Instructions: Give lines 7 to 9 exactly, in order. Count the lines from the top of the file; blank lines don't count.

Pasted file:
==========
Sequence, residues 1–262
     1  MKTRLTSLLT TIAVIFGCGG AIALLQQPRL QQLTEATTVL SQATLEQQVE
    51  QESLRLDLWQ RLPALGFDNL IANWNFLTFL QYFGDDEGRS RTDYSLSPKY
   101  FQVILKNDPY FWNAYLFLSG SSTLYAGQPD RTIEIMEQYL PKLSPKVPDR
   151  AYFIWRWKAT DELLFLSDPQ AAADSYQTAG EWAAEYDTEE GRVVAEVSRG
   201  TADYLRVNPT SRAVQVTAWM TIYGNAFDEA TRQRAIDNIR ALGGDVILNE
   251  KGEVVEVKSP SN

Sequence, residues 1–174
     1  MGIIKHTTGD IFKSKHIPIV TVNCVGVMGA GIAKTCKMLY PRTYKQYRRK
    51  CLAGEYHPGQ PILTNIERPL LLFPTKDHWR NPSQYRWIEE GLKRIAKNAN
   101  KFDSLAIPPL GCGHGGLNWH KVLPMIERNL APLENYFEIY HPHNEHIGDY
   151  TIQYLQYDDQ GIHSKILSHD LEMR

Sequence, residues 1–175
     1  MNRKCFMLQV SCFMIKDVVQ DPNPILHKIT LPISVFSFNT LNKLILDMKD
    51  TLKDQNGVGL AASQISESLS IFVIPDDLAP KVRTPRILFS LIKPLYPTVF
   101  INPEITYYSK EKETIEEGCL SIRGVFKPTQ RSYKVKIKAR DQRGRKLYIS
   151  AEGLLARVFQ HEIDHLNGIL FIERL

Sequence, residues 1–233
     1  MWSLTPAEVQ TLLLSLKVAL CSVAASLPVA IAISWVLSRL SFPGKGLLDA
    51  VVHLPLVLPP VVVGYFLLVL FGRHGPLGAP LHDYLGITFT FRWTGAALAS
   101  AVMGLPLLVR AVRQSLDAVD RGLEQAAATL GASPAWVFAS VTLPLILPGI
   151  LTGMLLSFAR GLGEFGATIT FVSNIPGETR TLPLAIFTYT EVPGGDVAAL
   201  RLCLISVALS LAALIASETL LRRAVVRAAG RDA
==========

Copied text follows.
   251  KGEVVEVKSP SN

Sequence, residues 1–174
     1  MGIIKHTTGD IFKSKHIPIV TVNCVGVMGA GIAKTCKMLY PRTYKQYRRK